Produced by Hope Mohr Dance
As I sit to write a response to Mohr’s latest Bridge Project, I can’t help but think back to my experiences with her 2015 Bridge Project: Rewriting Dance. I attended the Jeanine Durning workshop and afterward saw Talk the Walk: Local Artists at the Intersection of Language and Choreographic Thinking. My response was one of felt community: “I felt attended to as an audience member. “The whole” resonated much more than the individual parts.” I had a similar response to Ten Artists Respond to Locus; “the whole” resonated more than the parts.
Mohr states in her notes that “The purpose of Ten Artists Response to Locus is not to create nostalgia, but rather to create a space for cultural exchange. This evening does not try to force a seamless synthesis among the responses to Locus. Instead, this evening offers a series of conversations about form and cultural transmission. Another layer of transmission happens now – between the artists and you.”
What was transmitted between the artists and me? The 11 pieces (some of them involved multiple artists) on the program seemed to quickly move past. My notes are a blur of words, sketches, and numbers. I wanted the evening to slow down so I could maybe have a conversation with each artist not so much to know the minutiae and nuance of thinking behind each piece, but to have a genuine exchange of perspective and insight. The post-show conversation was too brief, which also seemed to reflect the hurried pacing of the evening.
That said, I can appreciate how Mohr wanted to cultivate a particular mood in space and with time. She placed Locus (the evening’s reference point, a solo) second on the program and was danced again by another dancer in the lobby at intermission. The stage was square and the audience sat around it, which created a box-like container clearly reflecting the square in which Locus is usually danced. From this, I could sense that we might be part of the performance. As the evening unfolded, I could feel the attentive vibrations emanating into the performance space as if collectively we were trying to find Locus references in each of the evening’s performances. There was a level of felt engagement, an effort to facilitate the cultural exchange Mohr was asking for.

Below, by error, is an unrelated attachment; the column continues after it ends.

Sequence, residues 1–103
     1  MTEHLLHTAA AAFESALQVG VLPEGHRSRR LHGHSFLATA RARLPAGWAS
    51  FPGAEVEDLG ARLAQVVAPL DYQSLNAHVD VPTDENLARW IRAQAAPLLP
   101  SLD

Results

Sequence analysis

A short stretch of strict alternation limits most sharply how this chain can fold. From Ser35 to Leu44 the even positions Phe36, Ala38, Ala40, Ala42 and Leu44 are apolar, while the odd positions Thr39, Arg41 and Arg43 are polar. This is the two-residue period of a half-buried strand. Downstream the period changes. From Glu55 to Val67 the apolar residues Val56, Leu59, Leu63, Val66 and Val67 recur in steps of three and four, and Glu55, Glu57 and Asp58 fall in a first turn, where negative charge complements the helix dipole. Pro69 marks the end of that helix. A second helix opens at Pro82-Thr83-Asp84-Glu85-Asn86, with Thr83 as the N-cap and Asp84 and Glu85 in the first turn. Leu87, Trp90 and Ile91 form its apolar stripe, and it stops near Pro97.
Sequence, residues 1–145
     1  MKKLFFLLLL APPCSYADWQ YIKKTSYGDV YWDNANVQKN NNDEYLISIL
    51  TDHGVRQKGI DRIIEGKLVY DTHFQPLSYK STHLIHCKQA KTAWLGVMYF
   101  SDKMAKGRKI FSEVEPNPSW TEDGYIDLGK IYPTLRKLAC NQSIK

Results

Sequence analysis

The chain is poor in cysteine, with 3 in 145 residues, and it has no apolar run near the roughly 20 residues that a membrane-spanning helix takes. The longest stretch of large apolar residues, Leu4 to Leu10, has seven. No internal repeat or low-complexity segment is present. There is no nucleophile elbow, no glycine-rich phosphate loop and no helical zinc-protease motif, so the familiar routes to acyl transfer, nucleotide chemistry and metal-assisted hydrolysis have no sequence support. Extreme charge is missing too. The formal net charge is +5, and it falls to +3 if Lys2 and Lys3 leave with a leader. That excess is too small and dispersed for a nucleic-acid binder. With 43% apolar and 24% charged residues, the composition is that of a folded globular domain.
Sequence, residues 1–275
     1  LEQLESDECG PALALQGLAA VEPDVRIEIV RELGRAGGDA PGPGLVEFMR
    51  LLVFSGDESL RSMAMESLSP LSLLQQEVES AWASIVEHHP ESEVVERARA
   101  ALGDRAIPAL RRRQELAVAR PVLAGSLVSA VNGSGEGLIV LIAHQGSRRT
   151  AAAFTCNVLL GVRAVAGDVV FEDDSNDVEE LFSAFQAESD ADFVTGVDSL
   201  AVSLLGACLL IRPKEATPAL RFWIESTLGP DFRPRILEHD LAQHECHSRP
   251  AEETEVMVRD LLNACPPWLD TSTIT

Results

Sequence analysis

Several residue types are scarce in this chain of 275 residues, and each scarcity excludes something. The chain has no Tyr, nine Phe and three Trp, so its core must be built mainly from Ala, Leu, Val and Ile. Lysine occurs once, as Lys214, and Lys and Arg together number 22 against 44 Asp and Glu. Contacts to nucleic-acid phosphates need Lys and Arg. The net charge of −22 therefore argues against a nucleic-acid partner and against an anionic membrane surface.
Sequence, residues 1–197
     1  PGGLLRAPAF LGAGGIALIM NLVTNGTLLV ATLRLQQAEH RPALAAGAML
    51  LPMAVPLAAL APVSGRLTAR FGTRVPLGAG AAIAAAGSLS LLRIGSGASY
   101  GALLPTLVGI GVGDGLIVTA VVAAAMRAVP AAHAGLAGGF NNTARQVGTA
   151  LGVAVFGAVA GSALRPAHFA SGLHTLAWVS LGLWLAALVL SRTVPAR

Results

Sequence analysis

Although the event demands to be read as a whole, two pieces stood out. The first, quarter by Larry Arrington, was stunning. Holding space and time, Arrington stood on a rock with one foot with arms pushing upwards, rippling toward the sky. I didn’t want this part of the dance to end. It clearly reflected how the dance was “informed by the crisis of border/map/territory that is is an ongoing social and economic cataclysm on the surface of this planet.” These words came from the statement Arrington provided as an insert to the program. As I watched, enthralled by Arrington’s focus, I found myself thinking about the Standing Rock Sioux Reservation protest against the Dakota Access Pipeline. quarter could be required “reading” for anyone studying this protest. The second piece, per[mute]ing by Peiling Kao was an embodiment of thought and thinking. I’ve been watching Kao dance for years and she always takes command of the choreography and stage with grace and strength. Without clearly referencing Locus (there was no obvious white square for example), her gestures and movement suggested a directional focus of points in space that were connected to each other somehow – a lineage of sorts. A week or so after the performance, Kao posted a blog post on her thinking and practice behind the piece. Looking back, I could sense this in how Kao was able let go of Locus and yet stay in contact with it through her own vocabulary (and history).